Thursday, August 9, 2007
Lately I've been attempting to do my part to eat foods that are grown or produced locally. I'm not perfect, but I'm slowly catching on. I try to remember to bring my own cloth bags to the store. I shop at my neighborhood farmer's market each week, shop at grocery stores that offer local or organic options, and so on. If you're reading this, you probably know what I'm talking about. Yesterday, I went to Ralph's, which is something I've mostly stopped doing in recent months. I know that Ralph's doesn't carry much of what I'm looking for, but since it's close to my house and on the way home from work, I had a moment of weakness. I stopped in to find something to supplement my dinner. I glanced over to the produce section and saw a huge sign reading something like We are proud to support our local growers and provide our customers with the fruits of their labor. When I say huge, I mean about 2' x 2' with the word local probably 10 inches tall.
Eureka! Hallelujah! Amen! Or so I thought.
I looked at the heirloom tomatoes right under the glorious sign. Grown in Mexico. Avocados...Mexico. Peaches...New Zealand. It went on like this for a while. So I did what any self-righteous, thirty-something in LA might do. I asked the manager. He had no idea, but I could ask someone who worked in produce. Did I want to do that now, he asked in surprise? Well yes, I did.
Anthony, from produce, also did not know. He looked at the sign, looked at me, looked at the sign, looked at the peaches.
Anthony: I don't really know. This stuff just comes in on a truck, you know?
Me: So, you don't know which produce is locally grown?
Me: So, do you have any produce that's locally grown?
Anthony: I don't think so. I mean, they put that sign up, like, two weeks ago.
Me: Uh huh. Doesn't that mean you might have something that's been locally grown?
Anthony: Um, well, I think they just put that sign up so, you know, so people would know.
Know WHAT? I wanted to shake this nice young man. (I will not get sidetracked now to explain why this interaction defines my philosophy about education, but it does.) Anthony said I could call the produce manager, Lee, tomorrow. I did. Lee did not know of any locally grown produce either. It comes from a warehouse, he said. But I could call this number. I did, and I found that it was the wrong number (for employees of Ralph's only). Was Lee trying to throw me off the scent of locally grown produce? I could not be deterred! I shook my fist in the air and called 1-888-437-3496 (hint hint) to speak to someone at Ralph's customer service center. I was put on hold for two longish exposures to semi-groovy elevator music. I was told the following:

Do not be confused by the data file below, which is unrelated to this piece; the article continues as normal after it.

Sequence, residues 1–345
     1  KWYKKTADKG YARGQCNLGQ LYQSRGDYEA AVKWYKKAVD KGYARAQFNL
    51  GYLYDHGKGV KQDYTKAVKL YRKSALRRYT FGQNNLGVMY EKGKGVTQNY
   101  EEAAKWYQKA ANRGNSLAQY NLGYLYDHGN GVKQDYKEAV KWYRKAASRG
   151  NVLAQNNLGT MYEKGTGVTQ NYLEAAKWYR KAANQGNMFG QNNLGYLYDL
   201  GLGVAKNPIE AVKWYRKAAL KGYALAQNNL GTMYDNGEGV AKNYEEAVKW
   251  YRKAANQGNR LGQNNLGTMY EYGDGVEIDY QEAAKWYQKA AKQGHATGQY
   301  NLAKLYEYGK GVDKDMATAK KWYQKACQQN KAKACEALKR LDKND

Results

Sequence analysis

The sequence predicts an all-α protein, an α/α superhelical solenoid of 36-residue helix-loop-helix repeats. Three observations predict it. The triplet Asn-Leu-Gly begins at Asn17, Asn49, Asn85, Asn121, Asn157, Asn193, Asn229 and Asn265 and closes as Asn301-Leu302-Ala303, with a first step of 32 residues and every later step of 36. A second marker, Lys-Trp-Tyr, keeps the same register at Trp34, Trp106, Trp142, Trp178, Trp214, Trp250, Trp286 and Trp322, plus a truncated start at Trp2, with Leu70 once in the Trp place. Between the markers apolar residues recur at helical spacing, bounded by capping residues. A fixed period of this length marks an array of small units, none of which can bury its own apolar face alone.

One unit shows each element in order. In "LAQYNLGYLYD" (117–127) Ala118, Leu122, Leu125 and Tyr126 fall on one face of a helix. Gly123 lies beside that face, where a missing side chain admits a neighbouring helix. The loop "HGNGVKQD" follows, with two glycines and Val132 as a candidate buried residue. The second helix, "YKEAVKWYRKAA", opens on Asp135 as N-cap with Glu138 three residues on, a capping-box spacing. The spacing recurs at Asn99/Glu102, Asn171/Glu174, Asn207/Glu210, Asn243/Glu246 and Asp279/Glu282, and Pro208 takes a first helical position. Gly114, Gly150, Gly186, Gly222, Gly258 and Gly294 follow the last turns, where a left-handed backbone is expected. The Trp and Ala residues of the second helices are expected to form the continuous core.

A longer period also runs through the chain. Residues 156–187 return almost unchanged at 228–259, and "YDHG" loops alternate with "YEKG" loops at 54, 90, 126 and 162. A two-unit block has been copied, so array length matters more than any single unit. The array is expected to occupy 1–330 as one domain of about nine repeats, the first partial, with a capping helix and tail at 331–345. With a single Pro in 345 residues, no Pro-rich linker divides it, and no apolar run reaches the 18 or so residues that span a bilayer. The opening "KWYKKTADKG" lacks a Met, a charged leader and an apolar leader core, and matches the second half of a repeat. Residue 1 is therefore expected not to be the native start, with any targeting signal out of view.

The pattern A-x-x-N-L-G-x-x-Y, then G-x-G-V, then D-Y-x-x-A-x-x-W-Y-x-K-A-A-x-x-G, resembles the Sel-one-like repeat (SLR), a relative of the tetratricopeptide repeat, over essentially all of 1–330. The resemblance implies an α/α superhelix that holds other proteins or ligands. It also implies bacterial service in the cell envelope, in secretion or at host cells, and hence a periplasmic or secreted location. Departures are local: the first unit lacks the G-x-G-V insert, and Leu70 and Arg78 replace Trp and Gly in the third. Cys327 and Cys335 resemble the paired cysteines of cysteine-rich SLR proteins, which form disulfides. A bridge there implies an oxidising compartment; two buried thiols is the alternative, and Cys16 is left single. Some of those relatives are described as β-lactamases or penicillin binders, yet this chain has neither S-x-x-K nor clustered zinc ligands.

- Ralph's always tries to buy locally (um, yeah right)
- when they cannot serve their customers with local products, they may import them from elsewhere (um, duh)
- There is no list that states "where this potato comes from and where that potato comes from". That's a direct quote.
I said that wasn't good enough. Surely the people at Ralph's who pay for the produce know where it comes from. I want to talk to one of them, I said. If I want to know more than that, I was told, I would have to give up some personal information and hope to be contacted later. Don't worry, if no one calls you back, you can call us again. We'll have a file on you by then, so we'll know who you are. I guess now I am on record with corporate Ralph's as an instigator. My parents will be proud.
So the questions remain. Does Ralph's have any locally grown produce? If so, why doesn't anyone who works there know about it? If not, why do they feel they can post such a stinking lie for all of us to read? And why don't any of the employees care or wonder about this? And are We (capitalized, all of us, society) really allowing this sort of thing? In the two weeks the sign has been there, am I the first to ask? I hope not, but I'm guessing I was. I hope that someone will call me soon to say that Ralph's does indeed carry locally grown produce. I hope that the employees will soon be attending some sort of meeting to educate them on this topic. I hope that the demand for better food sources will sink in and take hold in the big world of agribusiness.
I leave you now to ponder this mess, and I encourage you to do the following:
- Go to your Ralph's. Do they have a similar sign? If so, do they have any locally grown produce? Find out. Allow it to matter to you.
- Ask questions of your food providers to help keep them honest and to let them know what their patrons want.
- If you aren't up on why locally grown produce is a good idea, start reading. Barbara Kingsolver's Animal Vegetable Miracle is a good place to start.
- Check back for updates. If there are any, I'll post them.